On Saturday we have tours of major archaeological sites in the valley. We definitely do NOT leave at 7:00. Rather we generally leave after a hot lunch and spend a few hours touring a site. Sunday is free time. Weekends are a good time to check out Trujillo. The city was founded in 1535. Much of early Spanish architecture is still preserved in the center of the city. Mayorista, a sprawling market near the center of town, also is worth a visit. Theaters in Trujillo show current US movies in English with Spanish subtitles, and there are clubs with live music. Buses and colectivos (vans) run every 15 or 20 minutes between Huanchaco. One way fare is about 10 or 20 cents. A taxi ride costs a couple bucks. At the end of the field school we will travel up the north coast to El Brujo, Túcume, and the Museum of the Royal Tombs of the Lord of Sipán. These sites are world renown for their important archaeological discoveries, including the burials of the Señora de Cao and the Lord of Sipán, as well as some of the most spectacular adobe pyramids in South America. .
View of the Pyramids of Túcume, Lambayeque
The Royal Tombs of Sipán Museum, Lambayeque
Students stay at a rental house in Huanchaco near the beach. Students share double or triple rooms with shared baths and hot showers (Don't expect there to be hot all of the time. ). Meals are prepared and served at the house by the field school cooking staff. We also rent a house in Huanchaco for graduate students and lab space. You will need to bring towels and sheet and blanket (single bed) or a sleeping bag.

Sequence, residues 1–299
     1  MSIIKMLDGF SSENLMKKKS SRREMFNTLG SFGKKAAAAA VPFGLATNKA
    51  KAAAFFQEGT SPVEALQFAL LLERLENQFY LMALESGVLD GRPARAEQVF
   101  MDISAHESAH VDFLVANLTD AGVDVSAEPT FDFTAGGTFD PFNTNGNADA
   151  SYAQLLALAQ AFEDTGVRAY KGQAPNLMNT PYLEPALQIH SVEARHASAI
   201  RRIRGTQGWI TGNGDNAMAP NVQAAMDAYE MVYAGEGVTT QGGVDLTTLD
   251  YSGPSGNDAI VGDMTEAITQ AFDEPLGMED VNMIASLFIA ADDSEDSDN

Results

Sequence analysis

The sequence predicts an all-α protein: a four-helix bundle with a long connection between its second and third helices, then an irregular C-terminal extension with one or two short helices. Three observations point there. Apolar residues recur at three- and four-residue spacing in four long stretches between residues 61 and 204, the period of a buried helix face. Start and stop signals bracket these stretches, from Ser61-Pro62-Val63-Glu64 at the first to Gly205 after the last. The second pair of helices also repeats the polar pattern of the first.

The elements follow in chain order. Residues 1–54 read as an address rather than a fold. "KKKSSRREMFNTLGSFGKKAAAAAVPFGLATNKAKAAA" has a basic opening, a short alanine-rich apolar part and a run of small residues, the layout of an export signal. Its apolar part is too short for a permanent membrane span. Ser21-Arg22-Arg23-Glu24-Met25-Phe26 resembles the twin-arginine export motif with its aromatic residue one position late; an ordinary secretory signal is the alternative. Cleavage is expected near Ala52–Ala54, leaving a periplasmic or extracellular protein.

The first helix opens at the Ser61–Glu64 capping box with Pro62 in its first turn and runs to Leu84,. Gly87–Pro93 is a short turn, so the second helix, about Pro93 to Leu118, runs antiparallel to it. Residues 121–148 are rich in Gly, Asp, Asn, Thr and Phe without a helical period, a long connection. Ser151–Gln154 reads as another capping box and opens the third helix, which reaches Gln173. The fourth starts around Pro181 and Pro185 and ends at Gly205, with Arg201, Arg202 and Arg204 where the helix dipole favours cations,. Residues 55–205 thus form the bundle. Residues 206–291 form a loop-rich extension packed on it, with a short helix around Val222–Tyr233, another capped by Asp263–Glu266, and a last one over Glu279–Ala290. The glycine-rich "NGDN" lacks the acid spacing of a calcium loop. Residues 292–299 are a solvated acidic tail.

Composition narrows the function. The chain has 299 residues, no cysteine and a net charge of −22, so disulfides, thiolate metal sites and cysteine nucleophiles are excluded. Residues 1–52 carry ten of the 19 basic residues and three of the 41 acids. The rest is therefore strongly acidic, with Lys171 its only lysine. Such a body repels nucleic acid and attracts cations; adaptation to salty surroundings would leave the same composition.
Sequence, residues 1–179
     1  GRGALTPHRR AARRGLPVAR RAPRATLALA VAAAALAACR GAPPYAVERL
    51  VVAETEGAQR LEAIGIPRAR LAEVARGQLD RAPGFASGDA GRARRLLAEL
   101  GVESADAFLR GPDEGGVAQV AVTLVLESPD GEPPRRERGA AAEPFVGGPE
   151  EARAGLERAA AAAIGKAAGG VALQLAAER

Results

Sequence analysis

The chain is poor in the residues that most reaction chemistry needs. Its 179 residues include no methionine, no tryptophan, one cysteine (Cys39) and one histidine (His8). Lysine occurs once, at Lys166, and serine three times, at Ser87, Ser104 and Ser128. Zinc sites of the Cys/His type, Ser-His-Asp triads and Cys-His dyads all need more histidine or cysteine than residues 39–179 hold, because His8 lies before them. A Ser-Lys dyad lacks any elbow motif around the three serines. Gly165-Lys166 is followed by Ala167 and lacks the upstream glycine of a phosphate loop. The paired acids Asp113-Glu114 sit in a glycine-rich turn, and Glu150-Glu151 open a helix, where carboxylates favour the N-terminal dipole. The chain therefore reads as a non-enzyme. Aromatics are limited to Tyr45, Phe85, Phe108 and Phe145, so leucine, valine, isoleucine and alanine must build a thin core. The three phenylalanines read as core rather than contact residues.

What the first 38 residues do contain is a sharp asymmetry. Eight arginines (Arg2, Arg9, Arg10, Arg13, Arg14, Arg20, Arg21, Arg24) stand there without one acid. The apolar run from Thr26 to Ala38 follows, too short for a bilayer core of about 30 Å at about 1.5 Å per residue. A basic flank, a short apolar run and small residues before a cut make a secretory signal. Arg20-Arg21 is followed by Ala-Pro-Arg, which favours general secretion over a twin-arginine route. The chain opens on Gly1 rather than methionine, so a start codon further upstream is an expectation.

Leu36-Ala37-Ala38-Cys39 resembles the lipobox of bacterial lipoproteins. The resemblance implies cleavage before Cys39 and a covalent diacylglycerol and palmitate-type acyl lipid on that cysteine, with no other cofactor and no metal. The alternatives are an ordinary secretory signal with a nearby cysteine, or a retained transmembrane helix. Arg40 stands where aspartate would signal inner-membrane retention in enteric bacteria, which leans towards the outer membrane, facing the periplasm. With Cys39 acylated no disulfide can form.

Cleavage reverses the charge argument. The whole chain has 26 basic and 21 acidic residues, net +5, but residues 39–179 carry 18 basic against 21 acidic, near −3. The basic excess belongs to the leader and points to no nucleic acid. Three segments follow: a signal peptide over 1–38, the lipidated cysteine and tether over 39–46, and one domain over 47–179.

Calling home from Peru is cheap and easy. In addition to Skype at internet cafes, there are phone exchanges in Huanchaco, where calls to the US cost 10 cents a minute. Also you can buy calling cards in Peru that cost 10 cents a minute.
Email is the best way to stay in touch. There are several internet cafés in Huanchaco. Email access is less than 40 cents for an hour.
Mail is not recommended. You can have letters sent to Correo Central, Trujillo, La Libertad, Peru (that's general delivery) or the Correo Central, Huanchaco, La Libertad. However, letters take 10 to 14 days to reach Peru.